On a side note, I've had horrible issues with plantar fasciitis the last three years from all my excessive driving. As a corporate Wellcoach, I have to cover a lot of ground on my site visits. I can be in my car for 3-4 hours per day. The static posture of my accelerator foot has messed up my foot's biomechanics. I've been through hell with my foot, and basically had to stop running for the most part. My biggest fear when I started the kettlebell training was my foot. I was scared that the "barefoot" training would aggravate my plantar fasciitis condition, but guess what? The barefoot workouts never bothered my foot. My foot actually seemed to get better as the foot got stronger...fascinating!
The last few weeks of wearing my VFFs has been pretty amazing. I have even done some barefoot running while on the grass. My plantar fasciitis got better the FIRST WEEK I wore my VFFs! For the first time in three years, I did a one-hour trail run without any foot problems last weekend. I did use my trail running shoes and orthotics for the actual trail run though as my feet are not quite ready for that much work, but you never know...I might end up running the whole way with them one day!
If you would have told me I'd be running barefoot with VFFs a couple of years ago when the pain in my foot was so bad it felt like someone was driving a nail through my heel, I might have attacked! I have been absolutely fascinated with the function and strength of my feet throughout the last 14 months of Russian Kettlebell training while barefoot or with hard soled shoes and now with my new Vibram Five Fingers. I'm hearing stories from people I know, respect, and trust about how they have not been able to run but now are running with the VFFs! People saying that their chronic back pain or knee pain is GONE now that they are wearing the VFFs and the feet are doing what they are supposed to be doing--stabilizing and clawing the ground. While the jury is still a little out, I think the VFFs are going to significantly help my feet and the entire biomechanics of my body. If you have foot, knee, hip, or back problems, you might want to consider the above comments and consider going bare foot once in a while...maybe even some VFFs for yourself!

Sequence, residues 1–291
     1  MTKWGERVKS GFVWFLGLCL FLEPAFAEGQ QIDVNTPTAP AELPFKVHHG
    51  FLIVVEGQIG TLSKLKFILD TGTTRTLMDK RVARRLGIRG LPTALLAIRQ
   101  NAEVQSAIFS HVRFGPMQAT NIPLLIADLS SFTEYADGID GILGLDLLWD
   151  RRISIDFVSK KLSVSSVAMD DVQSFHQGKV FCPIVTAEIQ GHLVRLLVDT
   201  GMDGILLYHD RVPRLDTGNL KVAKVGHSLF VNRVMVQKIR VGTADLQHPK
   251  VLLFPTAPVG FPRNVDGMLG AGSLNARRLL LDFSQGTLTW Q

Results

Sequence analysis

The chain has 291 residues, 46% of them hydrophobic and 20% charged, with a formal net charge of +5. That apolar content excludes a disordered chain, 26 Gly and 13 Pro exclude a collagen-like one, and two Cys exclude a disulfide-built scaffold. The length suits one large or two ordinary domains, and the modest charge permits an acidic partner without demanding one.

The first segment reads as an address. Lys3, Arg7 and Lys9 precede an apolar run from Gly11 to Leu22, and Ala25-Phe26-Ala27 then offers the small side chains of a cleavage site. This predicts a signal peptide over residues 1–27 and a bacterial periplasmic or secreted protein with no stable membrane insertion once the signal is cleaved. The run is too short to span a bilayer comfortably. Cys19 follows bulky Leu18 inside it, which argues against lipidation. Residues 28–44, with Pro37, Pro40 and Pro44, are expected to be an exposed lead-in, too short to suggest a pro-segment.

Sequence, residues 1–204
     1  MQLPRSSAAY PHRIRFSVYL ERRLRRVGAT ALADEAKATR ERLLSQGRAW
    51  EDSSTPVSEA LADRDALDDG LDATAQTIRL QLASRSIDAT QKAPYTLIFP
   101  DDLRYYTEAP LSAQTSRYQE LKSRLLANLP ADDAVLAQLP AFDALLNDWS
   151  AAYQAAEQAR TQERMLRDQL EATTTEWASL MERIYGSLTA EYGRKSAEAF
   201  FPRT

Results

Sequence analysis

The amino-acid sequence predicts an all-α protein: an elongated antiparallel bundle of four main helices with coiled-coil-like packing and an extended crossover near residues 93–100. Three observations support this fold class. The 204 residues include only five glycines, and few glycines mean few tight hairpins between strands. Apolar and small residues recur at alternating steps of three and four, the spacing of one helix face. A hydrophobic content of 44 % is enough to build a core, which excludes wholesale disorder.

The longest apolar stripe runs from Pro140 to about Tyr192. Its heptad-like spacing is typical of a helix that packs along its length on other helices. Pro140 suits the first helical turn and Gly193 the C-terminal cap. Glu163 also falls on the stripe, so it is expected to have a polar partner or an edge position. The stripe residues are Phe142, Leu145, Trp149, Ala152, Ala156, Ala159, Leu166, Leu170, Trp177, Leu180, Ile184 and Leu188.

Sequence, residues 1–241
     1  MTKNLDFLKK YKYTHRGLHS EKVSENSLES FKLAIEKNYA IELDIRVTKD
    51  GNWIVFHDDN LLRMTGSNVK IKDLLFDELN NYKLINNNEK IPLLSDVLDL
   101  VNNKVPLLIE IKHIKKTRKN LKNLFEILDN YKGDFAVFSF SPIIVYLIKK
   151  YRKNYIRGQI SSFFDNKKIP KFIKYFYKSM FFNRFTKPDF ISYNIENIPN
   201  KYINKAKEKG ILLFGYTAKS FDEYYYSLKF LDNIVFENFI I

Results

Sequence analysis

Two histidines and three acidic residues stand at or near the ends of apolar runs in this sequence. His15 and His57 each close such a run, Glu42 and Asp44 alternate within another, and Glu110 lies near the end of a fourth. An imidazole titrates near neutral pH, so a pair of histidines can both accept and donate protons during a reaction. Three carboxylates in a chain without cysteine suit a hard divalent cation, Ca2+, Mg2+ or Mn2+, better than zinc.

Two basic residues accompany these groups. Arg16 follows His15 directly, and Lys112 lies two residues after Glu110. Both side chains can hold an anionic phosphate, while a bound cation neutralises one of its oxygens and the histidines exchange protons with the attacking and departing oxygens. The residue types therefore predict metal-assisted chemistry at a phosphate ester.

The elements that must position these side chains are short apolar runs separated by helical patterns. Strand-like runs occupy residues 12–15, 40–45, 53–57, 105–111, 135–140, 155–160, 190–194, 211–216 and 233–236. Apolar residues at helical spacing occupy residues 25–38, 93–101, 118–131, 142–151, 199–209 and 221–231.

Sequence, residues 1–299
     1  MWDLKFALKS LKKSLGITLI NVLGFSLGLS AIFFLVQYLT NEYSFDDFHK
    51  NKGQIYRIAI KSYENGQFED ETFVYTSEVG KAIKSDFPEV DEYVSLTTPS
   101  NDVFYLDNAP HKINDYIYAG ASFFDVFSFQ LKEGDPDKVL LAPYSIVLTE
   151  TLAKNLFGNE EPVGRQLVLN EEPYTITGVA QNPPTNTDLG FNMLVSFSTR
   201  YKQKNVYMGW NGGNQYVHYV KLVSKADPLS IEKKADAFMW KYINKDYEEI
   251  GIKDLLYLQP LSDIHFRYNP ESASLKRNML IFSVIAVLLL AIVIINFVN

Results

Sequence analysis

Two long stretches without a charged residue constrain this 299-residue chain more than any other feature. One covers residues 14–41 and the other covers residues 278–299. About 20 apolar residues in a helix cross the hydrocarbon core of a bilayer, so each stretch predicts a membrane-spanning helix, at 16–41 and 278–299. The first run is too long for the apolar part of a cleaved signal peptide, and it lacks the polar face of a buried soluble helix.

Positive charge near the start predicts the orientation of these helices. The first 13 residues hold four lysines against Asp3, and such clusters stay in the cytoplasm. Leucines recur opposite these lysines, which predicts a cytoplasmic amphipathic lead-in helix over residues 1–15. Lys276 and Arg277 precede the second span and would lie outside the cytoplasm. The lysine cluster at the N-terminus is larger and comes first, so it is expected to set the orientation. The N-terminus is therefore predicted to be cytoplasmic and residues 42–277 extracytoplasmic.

Where to Buy VFFs?
In Los Angeles, you can buy them at the Adventure-16 outdoor store, but both times I went in there they did not have my size available. Your best bet is to just order them on-line right from Vibram. They'll come in about a week. The trick is sizing. They give some tips on-line for sizing, or you can find a retailer and get your foot measured. If they don't have them at the retail store that day, you've at least sized your foot properly. If you order off the Vibram Five Fingers website, click on any shoe product page to get their conversion chart for self sizing.
I hope this helps a few people. I've learned a lot about feet the last few years and how important they are to movement. Take care of your feet Comrades--take OFF your shoes!
In Foot Fitness, Coach RJ!

Wednesday, August 5, 2009

When in doubt...THROW DOWN

I had to apply The Lean Berets Credo tonight, "When in doubt--throw down in the SWEAT of the moment!" I was tired and stressed. Too bad. Time to train as part of my RKC Prep. Off to the park with KBs in tow.
Tonight's workout:
After mobility work and a few dead lifts and 20 swings, 300 snatches with the 24kg.
Method: Minutes sets of 10 per minute (5L+5R) at the top of each minute. At the end of 30 minutes, I threw in 1:00 minute of non-stop two-arm swings for the hell of it. I was exhausted. To my own work ethic credit the last 14 months, even when I'm little burned out from the fast lane of life, I can handle a lot of metabolic work. Tonight was not a "great" night for me in terms of chi, but I did it anyway. Enjoying the pain from a warm SoCal, Coach RJ

Saturday, August 1, 2009

RKC Prep-Family Affair

STILL Smiling after 600 KB Swings!
Candas Jones-HARD Stylin'!!!

Not many wives would go along with their husband as he prepares for the RKC--but mine will. Candas was in tow today as we launched into 30 minutes of HARD-style kettlebell 2-arm swings for 30 straight minutes. We started the actual workout at high noon in Santa Clarita-SoCal. 90 degree weather. Open sun-NO shade. Sweating our asses off after just 10 minutes. Spent about 10 minutes on joint mobility and a few deadlifts to work the groove then threw down. She did 600 swings with the 16kg--no gloves--no whining. I did my 600 with the 24kg then added another minute straight to round off at 635 with my 24kg. Enjoying the pain together as husband and wife knowing that the time for bullshit is OVER and the time for strength is NOW Comrades!

Throwing down HARD style from SoCal, Coach RJ!